## 3.2 Function Syntax

function is the reserved word in R that permits us to define functions. The general form of a function definition is as follows:

functionName <- function(parameter, parameter, ...) {
Body of the Function ...
}

functionName is the variable that will refer to the function you define. Like any other identifier, it can contain letters, numbers, the dot and the underscore character, but is not permitted to begin with the dot followed by a number.

After the function reserved word we see a pair of matching parentheses. They contain the parameters of the function, which will be passed into the function as variables referred to by the parameter names.

The body of the function consists of one or more expressions that do the work of the function. Note that the body is enclosed with curly braces. This is only necessary, though, if the body consists of more than one expression. If the body had only one expression then that expression could appear without the braces, like this:

add3 <- function(x) x+3
add3(x = 5)
## [1] 8
add3(-7)
## [1] -4

In the add3() function above, x was a parameter. When the function is called the parameter is assigned a particular value called an argument. We see that add3() was called twice, once with an argument of 3 and again with an argument of -7. If the parameter is explicitly mentioned in the function call, then an equal-sign = separates the parameter and the argument. Note also that the parameter and = may be omitted if it is clear what parameter the argument will be matched to. In the case of add3 there is only one parameter x, so R knows that any value provided within the parentheses is to be assigned to x. R also knows to refer to the order of parameters within the function’s definition to determine which arguments go with which parameters. Thus, the following calls do the same thing:

manyCat(word = "Hello", n = 4)
manyCat(word = "Hello", 4)
manyCat("Hello", n = 4)
manyCat("Hello", 4)
manyCat(n = 4, word = "Hello")

On the other hand, the following would produce an error:

manyCat(4, "Hello")
## NAs introduced by coercion
## Error in rep(wordWithNewline, times = n) :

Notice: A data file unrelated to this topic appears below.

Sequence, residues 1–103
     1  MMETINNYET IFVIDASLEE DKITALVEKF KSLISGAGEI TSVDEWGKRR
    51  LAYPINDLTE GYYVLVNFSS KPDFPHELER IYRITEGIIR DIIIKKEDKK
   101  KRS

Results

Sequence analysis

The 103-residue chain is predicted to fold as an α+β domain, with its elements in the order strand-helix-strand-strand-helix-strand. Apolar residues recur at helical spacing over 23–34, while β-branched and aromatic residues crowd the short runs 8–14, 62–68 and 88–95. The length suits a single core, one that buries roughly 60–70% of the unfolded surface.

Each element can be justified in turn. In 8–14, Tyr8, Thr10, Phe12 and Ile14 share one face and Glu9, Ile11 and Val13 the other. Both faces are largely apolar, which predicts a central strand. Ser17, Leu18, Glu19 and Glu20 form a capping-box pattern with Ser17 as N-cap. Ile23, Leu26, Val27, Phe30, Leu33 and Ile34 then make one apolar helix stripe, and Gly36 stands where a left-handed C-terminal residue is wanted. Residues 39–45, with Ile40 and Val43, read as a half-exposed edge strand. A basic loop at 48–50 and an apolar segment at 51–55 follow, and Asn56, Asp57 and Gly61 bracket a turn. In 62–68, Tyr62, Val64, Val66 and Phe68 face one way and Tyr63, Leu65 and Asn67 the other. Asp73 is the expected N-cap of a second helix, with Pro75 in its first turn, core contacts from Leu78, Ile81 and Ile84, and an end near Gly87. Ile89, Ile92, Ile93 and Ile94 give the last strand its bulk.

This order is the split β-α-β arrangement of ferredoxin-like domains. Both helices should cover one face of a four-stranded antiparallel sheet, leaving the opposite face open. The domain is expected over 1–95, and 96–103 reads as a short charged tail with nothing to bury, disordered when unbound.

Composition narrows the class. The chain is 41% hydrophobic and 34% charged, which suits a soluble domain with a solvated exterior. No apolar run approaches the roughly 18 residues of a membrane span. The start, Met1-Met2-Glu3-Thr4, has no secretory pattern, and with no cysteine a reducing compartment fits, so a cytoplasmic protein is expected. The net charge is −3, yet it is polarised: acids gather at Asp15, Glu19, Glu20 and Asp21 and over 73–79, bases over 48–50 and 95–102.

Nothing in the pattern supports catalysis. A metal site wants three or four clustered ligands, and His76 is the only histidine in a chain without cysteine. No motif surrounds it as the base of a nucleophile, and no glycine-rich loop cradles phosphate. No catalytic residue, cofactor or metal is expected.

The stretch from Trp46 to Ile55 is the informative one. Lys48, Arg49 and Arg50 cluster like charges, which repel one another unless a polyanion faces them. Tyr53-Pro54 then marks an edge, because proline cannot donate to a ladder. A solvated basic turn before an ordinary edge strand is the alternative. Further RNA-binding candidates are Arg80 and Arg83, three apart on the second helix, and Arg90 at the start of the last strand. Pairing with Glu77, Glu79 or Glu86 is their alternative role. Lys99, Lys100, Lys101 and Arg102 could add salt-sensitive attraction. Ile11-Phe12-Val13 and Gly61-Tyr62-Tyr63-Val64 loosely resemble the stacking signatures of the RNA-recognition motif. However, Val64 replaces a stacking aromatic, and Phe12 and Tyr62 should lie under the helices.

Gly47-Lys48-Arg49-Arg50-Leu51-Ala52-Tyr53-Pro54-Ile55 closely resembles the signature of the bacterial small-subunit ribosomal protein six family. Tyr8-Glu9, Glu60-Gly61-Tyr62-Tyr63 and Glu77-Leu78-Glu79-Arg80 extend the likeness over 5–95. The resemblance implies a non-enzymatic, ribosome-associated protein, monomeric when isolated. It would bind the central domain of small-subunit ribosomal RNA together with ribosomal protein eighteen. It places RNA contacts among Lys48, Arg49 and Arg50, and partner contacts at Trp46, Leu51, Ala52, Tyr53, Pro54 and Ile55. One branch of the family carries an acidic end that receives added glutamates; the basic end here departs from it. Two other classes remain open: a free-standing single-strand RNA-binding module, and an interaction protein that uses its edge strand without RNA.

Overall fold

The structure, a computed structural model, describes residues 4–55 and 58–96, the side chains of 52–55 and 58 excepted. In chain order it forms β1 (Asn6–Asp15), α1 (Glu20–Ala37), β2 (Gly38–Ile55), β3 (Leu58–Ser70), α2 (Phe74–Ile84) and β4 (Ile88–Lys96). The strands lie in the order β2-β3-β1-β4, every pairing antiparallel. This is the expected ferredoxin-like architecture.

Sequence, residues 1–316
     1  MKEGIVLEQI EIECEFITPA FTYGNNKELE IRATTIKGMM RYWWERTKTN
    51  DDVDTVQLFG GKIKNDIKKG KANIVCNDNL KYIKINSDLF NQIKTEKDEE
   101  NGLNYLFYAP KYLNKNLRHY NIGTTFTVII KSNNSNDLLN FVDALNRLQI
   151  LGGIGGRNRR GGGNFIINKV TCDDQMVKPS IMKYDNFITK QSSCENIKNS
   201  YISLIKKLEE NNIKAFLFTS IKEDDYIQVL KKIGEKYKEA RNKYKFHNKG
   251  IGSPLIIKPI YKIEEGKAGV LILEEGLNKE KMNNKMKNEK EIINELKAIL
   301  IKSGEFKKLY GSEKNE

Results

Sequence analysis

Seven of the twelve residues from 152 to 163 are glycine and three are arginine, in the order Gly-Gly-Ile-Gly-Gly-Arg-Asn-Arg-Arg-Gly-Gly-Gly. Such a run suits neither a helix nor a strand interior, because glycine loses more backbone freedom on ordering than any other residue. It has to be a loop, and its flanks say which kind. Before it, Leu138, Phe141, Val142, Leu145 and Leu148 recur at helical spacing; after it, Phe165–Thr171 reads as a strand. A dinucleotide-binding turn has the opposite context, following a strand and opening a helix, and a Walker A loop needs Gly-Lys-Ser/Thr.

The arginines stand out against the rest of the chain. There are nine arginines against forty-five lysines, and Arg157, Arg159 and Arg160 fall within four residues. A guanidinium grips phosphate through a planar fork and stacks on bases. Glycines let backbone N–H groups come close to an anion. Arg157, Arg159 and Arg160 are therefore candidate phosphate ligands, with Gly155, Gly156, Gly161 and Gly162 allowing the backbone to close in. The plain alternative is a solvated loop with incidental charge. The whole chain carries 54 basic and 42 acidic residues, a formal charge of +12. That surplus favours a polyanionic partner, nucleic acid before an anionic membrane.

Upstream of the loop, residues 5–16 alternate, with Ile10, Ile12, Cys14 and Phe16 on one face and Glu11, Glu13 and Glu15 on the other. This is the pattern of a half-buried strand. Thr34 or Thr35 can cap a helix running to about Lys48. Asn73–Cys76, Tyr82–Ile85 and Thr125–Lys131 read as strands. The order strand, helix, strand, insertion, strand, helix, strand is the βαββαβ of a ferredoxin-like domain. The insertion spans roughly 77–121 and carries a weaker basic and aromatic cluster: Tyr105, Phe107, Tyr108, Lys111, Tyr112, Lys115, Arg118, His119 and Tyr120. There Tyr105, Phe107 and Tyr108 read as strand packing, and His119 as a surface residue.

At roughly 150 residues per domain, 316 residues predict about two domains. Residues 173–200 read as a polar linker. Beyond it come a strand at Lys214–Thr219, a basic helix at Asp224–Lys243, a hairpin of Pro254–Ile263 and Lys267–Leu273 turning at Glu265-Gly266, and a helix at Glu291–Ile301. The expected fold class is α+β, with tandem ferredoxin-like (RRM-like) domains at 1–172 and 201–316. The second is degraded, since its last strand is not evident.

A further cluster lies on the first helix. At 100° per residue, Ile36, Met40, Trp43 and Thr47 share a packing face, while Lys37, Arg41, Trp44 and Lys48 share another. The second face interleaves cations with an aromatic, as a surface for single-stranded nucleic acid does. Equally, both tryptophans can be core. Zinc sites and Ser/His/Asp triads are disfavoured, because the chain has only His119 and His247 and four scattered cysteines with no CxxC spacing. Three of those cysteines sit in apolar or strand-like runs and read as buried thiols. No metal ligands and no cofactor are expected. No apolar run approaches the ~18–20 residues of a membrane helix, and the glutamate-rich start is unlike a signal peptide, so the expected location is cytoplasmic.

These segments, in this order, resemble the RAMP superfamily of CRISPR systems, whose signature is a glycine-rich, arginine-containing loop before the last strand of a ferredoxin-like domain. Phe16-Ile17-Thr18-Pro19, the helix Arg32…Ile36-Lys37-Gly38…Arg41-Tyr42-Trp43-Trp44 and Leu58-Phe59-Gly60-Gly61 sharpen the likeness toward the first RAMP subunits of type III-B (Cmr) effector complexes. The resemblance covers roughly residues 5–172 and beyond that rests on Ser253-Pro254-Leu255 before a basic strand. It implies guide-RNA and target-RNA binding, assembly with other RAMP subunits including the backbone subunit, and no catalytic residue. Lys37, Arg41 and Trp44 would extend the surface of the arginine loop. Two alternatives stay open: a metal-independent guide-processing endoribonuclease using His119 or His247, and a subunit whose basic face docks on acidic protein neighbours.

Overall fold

## invalid 'times' argument

If you don’t label your arguments with the parameters they are to match to, then you must at least write them in the order in which the parameters appear in the definition of the function.

In the definition of functions and in all calls to functions, commas must separate arguments. Thus the following would produce an error:

manyCat("Hello" 4)
## Error: unexpected numeric constant in "manyCat("Hello" 4"

If R cannot match all your arguments to a parameter it will throw an error;

manyCat("Hello", 4, 7)
## Error in manyCat("Hello", 4, 7) : unused argument (7)

You will have noticed by now that parentheses are essential when using a function. What would happen if we typed just the function’s name itself? Give it a try:

manyCat
## function(word, n) {
##   wordWithNewline <- paste(word, "\n", sep = "")
##   lines <- rep(wordWithNewline, times = n)
##   cat(lines, sep = "")
## }

What’s printed to the screen is the code that defines the function. The function itself is not called.

### 3.2.1 Practice Exercises

Consider the following function:

addThree <- function(n) {
n +3
}

It adds three to any number you give it. Try it out:

addThree(n = 7)
## [1] 10
1. What, if anything, is wrong with the following code?

addThree(7)
2. What, if anything, is wrong with the following code?

addThree(n = 7, x = 5)
3. I’d like to add 3 to the number 15. What, if anything, is wrong with the following code?

addThree[15]

### 3.2.2 Solutions to the Practice Exercises

1. Nothing is wrong. You’ll get a result of 10. You don’t have to use the parameter name n when you call the function: R will figure out that you mean n to be 7.

2. There will be an error, because when the function was defined there was no parameter x. You can only give a function arguments for parameters that were included in its definition.

3. addThree is a function. The way you call it is to use parentheses around the arguments, like this: addThree(15). When you use brackets R will assume that you are trying to pick the third element out of a vector named addThree. When it can’t find such a vector, R will throw an error notifying you of that fact.